Halting the retreat – coming out of isolation

Gabi as child* This is a marker rendering based on a beautiful photograph of a child .  It  spoke to a part of me (I’ll refer to as G) that fancies herself a child mermaid. G has stayed young and would not show her face or talk for the longest time. She retreated from the world and lived alone in the sea and at times walked the beach (sometimes she could grow legs).  She struggles with profound grief and hopelessness and developed a method for sealing away terrible memories by stuffing them into a huge pirate chest closed with chains and locks and thrown into the deepest part of the ocean. That is her pandora’s box (reference to this blog post). As most who are healing from dissociation know, when you accept and befriend your parts, you will be able to see parallels to ways you live(d) your life. You’ll see that there were always clues to their existence, like a breadcrumb trail to their home in the witches woods, but you were afraid to go too deep into the forest. It takes an effective guide to  accompany you on this journey – this is where a therapist or doctor skilled with dissociation can helped you pick up the trail in a safe way. By befriending G, I befriended the part of myself that isolates and disconnects.

I want to interject an aside right now: I know these images and stories are fantastical, and I hesitate to even write them publicly for fear of ridicule. Think of them as metaphors if it helps. But  if you deal with a dissociation disorder or know someone who does, I urge you to open your mind to the ingenious ways traumatized minds of children developed to survive threats to their sanity. OK, back to the story.

For me, getting to know G (this part of myself) was very scary. She represents the most suicidal part of my history. She was dangerous. Her danger does not come in violent or aggressive forms but rather, the hardest to deal with: resigned hopelessness. She just wanted to go away, without any pain or  violence. She had no fight in her, but rather lived in a self imposed exile from everyone. When G popped up into my consciousness, it was a red alert time.

Now, lest you click away from this post (some probably have), bummed out by the topic, let me tell you that G is much better these days and has grown into a different role. I have courted her slowly and safely. She now comes to her beach often and has grown into a guardian of other hurt parts. Such a young girl herself, yet she tends to a baby she found among the shoreline rocks, a bullied boy (JN) that was a scapegoat for others,  S – the young child mistress to her incestuous grandfather, and most recently, G is offering friendship to V, a part that was the extreme SM masochist and sexually exploited young woman in my system. She has moved to a key helper role and she is so sweet, doing so quietly and tenderly. Without noise, fanfare or much talking at all.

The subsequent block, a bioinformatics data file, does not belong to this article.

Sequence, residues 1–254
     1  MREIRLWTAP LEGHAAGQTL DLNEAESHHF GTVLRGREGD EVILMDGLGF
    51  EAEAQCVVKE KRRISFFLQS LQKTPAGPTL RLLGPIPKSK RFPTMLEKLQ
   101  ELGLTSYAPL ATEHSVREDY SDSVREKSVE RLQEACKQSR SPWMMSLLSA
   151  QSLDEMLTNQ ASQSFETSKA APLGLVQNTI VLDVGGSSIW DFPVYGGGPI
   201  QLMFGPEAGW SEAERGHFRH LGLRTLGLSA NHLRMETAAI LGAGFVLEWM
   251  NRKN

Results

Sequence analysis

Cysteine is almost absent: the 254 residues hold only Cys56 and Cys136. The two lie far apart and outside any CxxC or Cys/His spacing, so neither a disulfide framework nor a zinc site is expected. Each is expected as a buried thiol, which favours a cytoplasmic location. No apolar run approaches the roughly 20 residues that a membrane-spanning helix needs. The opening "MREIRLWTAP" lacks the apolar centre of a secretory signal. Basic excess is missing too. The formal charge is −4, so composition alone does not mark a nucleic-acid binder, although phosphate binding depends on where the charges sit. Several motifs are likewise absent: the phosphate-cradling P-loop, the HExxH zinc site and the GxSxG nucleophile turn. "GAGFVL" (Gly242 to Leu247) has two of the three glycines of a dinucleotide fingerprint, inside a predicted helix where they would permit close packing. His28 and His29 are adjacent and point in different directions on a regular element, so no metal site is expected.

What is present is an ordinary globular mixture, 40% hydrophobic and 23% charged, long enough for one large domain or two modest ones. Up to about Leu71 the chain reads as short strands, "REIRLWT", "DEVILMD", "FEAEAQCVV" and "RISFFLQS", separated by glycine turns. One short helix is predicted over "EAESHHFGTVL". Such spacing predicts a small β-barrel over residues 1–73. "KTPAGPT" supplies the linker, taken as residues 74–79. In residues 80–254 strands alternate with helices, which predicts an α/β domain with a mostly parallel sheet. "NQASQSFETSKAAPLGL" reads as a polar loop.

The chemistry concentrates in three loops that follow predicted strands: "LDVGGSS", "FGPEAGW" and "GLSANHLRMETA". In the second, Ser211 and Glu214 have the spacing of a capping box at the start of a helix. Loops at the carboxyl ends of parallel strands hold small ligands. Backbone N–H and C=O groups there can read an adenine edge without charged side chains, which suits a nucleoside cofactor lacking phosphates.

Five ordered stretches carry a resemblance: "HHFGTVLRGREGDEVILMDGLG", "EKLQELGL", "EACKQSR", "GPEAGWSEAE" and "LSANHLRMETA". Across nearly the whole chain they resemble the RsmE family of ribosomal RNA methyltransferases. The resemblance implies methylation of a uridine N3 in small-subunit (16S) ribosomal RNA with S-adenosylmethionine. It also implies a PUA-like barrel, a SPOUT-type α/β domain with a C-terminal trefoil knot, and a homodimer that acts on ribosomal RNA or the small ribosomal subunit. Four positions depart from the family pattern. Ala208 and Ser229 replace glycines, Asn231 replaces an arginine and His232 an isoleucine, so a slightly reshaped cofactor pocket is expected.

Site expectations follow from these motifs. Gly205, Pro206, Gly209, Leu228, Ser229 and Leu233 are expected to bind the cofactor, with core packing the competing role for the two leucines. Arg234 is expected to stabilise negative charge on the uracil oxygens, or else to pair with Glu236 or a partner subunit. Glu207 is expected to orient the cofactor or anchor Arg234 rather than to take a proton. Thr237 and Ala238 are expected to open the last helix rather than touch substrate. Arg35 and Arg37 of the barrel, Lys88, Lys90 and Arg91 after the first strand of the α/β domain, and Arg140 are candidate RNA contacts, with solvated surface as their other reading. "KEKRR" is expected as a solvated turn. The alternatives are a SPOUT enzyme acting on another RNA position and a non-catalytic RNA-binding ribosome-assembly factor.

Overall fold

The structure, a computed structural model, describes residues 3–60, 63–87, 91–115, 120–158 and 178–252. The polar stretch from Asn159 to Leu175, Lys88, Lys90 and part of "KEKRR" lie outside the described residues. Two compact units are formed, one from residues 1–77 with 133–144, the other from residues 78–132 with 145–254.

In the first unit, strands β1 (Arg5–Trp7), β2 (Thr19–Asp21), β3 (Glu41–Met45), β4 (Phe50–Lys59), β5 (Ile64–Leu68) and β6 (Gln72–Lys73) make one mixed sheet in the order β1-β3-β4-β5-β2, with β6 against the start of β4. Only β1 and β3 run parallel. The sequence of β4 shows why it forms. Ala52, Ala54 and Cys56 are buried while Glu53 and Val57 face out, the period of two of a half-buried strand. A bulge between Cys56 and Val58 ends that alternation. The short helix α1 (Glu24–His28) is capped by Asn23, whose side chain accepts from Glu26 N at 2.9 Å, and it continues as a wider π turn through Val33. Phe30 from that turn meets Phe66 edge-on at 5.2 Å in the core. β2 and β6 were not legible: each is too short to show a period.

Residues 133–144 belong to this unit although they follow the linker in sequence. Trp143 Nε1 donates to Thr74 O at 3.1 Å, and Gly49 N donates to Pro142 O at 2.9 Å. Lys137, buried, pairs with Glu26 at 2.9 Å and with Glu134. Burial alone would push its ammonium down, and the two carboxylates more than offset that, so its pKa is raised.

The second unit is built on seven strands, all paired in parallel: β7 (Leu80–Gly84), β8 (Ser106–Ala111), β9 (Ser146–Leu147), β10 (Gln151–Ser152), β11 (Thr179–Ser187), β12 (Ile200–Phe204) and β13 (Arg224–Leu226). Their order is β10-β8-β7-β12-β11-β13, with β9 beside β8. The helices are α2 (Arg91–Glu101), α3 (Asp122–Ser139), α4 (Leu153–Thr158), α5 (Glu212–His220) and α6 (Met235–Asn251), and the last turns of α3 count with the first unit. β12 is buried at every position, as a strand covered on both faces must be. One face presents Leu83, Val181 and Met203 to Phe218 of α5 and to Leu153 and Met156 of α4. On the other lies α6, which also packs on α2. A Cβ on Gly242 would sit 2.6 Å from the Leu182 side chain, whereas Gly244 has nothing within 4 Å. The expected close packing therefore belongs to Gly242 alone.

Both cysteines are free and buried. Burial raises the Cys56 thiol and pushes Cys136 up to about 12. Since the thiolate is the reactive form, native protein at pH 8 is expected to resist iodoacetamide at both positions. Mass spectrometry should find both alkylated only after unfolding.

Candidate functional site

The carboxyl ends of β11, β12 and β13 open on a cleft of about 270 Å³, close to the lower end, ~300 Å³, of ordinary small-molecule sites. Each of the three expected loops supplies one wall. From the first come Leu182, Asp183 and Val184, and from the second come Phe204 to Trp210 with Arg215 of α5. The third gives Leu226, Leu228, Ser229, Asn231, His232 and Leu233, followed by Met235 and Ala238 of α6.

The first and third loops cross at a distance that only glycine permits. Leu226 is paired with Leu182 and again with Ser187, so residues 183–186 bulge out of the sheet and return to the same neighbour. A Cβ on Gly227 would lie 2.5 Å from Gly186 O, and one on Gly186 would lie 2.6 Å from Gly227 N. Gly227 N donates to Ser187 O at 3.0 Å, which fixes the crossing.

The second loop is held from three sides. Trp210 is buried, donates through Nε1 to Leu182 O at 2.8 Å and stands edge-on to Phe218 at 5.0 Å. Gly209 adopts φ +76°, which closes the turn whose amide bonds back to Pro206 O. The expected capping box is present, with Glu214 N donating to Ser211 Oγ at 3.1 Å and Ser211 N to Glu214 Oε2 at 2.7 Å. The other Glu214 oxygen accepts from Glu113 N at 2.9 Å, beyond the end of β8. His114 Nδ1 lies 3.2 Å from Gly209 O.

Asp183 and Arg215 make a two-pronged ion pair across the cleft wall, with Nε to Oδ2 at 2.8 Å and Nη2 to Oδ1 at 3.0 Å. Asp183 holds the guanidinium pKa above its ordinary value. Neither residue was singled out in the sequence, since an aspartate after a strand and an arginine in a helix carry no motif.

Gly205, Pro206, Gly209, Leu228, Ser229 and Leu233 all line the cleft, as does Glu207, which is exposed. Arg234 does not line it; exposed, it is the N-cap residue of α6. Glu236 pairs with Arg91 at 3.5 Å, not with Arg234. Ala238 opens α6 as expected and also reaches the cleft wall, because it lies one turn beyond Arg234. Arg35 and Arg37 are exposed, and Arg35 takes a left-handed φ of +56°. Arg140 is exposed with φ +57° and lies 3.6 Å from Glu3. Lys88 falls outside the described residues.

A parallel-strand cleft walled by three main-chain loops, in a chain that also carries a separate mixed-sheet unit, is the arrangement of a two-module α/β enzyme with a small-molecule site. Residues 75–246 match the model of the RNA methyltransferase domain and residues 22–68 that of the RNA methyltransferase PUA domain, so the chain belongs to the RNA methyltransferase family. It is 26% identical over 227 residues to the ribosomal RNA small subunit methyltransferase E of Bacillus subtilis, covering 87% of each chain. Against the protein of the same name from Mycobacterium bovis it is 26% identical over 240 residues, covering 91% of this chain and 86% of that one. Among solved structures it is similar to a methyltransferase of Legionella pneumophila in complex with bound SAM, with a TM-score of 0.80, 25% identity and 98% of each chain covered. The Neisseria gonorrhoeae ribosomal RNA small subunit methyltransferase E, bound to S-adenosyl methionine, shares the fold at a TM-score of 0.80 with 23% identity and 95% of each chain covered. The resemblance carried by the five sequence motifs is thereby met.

I really turned a corner in my work with this part of my wounded self, when she began to allow me to see her face and uttered a few soft spoken words to me. Here is a construction I made about her world; I made it with her directing me. GabiI was only able to get her to look out towards me if she could obstruct her face (in this case with sun glasses and seaweed). But it was huge turning point. The healing that was involved for her to face outward and allow her visage to be seen and to meet eyes with me was so profound, it is one reason the young mermaid on these bookmarks is so special to me.

Helping G look outward, breaking her self imposed isolation has helped me to choose to stop my own profoundly isolating habits. I struggle with loneliness these days and I get down on myself because much of the cause for that is based on my own isolating actions (however motivated by self protection). These days, I am taking more risks to allow others to see me and get to know me. I am bearing the discomfort I feel being social at times when I want to retreat to the familiar solitude of my home. I am choosing venues and people to experiment with laughter, silliness and conversation. And I am reconnecting with friends and some family that I pulled away from in my descent into my difficulties as a young woman. Things are more hopeful these days and I look forward to  a life of connectedness. Isolation does not serve me any more and I am leaving it behind. Thank you G, your quiet, small self preservation acts have given me a new lease on life.


Categories: Uncategorized

1 reply »

  1. I wanted to stop by and thank you for your sweet comment and see what your blog is all about. I don’t have personal experience of CPTSD, but I am familiar with it from work enough to understand. I am so glad for you that you are healing and I am sure you are helping others working on their own selves. I also wanted to say that all of your art is absolutely beautiful. I am going to check out your Etsy site and see about those bookmarks. 🙂


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